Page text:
Frank Sinatra Jr., son of the legendary singer, died of a heart attack Wednesday while on tour in Daytona Beach, Florida. He was 72.

His death was confirmed by the Associated Press, which received a statement from Sinatra’s family citing cardiac arrest as the cause of death.

Frank Jr.’s sister Nancy shared the news with a Facebook post, saying, “Sleep warm, Frankie…”

The younger Sinatra was kidnapped at age 19 at Harrah’s Lake Tahoe on December 8, 1963, as his father was in production on “Robin and the Seven Hoods”; Sinatra Sr. paid ransom of $240,000, and his son was released two days later. By that time, he had already begun pursuing a musical career of his own, having become the vocalist for the Sam Donahue band.

In 1988, at his father’s insistence, Sinatra Jr. put his own performing career on hold to work as Sinatra Sr.’s musical director and conductor. Frank Sinatra Sr. died in 1998. He was buried with a roll of dimes, a habit that began at the time his son was kidnapped so he could be sure he would have change for a pay phone.

Sinatra Jr. also learned the music business by spending time with Duke Ellington. By the time he was 24, he had performed in 47 states and dozens of countries. His first album was “Young Love for Sale” in 1965.

Sinatra Jr. guested on “The Smothers Brothers Comedy Hour” with sister Nancy, sang with his own band in Las Vegas casino and served as an opening act for other, bigger names.

Sinatra Jr. made some TV appearances in the 2000s, including on a 2006 episode of “Family Guy” and an episode of “The Sopranos,” and he released the 2006 album “That Face!”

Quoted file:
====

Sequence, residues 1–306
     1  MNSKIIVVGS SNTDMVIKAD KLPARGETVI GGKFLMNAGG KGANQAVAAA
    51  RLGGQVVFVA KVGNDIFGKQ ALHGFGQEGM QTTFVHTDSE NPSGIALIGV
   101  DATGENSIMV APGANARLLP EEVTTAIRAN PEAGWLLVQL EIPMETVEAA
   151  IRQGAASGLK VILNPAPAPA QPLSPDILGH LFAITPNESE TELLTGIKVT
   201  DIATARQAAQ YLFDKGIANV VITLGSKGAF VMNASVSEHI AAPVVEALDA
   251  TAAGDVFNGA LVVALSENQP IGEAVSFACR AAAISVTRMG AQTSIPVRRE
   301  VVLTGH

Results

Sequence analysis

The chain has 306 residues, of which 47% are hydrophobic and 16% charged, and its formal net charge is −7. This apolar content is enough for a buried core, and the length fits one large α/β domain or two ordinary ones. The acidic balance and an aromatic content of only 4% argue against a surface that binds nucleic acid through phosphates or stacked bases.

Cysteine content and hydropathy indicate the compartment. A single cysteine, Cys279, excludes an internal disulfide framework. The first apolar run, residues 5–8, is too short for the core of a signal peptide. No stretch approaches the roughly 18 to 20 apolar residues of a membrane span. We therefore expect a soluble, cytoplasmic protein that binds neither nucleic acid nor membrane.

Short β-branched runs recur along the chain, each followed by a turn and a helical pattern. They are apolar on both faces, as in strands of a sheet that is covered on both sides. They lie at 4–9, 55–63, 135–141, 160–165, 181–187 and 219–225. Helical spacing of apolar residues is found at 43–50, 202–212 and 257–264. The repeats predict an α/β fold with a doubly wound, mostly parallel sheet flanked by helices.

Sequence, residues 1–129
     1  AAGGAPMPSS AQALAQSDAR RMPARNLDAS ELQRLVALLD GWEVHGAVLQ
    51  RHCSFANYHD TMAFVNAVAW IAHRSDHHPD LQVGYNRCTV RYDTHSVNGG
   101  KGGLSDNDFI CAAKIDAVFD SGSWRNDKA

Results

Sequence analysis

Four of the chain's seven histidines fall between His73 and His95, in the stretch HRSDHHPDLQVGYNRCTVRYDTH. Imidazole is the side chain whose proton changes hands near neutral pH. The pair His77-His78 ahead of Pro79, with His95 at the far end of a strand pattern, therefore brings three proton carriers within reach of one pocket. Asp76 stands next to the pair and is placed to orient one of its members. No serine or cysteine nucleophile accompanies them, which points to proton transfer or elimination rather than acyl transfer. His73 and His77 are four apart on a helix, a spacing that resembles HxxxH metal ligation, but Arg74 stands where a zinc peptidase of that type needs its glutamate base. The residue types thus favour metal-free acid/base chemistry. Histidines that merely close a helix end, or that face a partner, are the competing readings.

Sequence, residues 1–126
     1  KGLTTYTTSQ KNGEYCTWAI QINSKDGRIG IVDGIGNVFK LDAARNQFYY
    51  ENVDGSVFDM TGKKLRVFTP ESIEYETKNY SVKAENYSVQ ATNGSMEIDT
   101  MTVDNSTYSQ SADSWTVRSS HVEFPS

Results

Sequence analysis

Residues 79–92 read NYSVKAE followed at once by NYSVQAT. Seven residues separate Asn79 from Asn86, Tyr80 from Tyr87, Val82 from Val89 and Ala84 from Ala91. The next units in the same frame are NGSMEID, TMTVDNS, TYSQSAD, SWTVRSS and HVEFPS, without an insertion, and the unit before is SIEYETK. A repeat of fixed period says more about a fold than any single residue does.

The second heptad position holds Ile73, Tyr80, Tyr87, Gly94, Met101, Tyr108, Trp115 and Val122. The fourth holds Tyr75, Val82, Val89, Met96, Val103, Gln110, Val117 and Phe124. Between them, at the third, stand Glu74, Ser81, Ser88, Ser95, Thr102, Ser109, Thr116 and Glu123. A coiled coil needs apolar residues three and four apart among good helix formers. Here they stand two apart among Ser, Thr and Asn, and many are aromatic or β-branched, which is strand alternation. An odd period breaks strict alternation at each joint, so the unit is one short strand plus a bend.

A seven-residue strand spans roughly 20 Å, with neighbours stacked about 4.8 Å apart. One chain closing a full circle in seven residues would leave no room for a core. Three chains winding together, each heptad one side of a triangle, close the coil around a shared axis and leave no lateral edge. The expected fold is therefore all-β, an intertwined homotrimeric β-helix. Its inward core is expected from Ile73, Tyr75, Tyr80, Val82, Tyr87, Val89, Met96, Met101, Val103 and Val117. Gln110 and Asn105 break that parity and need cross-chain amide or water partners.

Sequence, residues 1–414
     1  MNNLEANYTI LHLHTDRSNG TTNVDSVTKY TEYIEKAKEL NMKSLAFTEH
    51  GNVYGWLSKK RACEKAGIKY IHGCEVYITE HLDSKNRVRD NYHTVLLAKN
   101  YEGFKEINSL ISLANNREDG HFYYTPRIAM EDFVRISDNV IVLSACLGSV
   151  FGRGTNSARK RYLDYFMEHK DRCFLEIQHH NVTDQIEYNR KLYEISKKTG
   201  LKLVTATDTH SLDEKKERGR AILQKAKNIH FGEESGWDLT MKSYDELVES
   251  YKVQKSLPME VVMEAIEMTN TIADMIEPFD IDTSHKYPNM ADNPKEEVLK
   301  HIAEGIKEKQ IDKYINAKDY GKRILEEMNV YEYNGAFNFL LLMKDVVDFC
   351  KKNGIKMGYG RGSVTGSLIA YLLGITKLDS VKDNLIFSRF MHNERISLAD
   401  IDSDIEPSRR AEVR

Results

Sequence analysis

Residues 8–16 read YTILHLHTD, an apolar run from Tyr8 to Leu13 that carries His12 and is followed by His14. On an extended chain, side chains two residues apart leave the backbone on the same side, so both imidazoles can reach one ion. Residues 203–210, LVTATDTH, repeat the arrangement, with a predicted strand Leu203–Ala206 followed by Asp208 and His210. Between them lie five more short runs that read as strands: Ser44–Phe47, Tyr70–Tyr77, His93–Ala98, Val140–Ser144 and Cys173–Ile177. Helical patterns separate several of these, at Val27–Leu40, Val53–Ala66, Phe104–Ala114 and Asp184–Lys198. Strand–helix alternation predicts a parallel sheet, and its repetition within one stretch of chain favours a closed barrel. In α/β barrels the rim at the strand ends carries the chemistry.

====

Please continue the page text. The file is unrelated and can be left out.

In 2003 Variety‘s Richard Ginnell reviewed a concert by Sinatra Jr., declaring that “he might have had an easier time establishing himself had he gone into real estate. But his show made me awfully glad he decided music was his calling. There aren’t too many singers around with Sinatra’s depth of experience in big band music, or his knowledge of the classic American songbook. There are even fewer with such real feeling for the lyrics of a song, and such a knack for investing a song with style and personality.”

He performed one of his final Southern California concerts on Dec. 12, the centennial of his father’s birth, at the Saban Theatre in Beverly Hills. As family photos and clips were projected on screen, Sinatra Jr. sang many of his father’s standards, drawing some of his biggest applause for “One for My Baby (and One More from the Road).”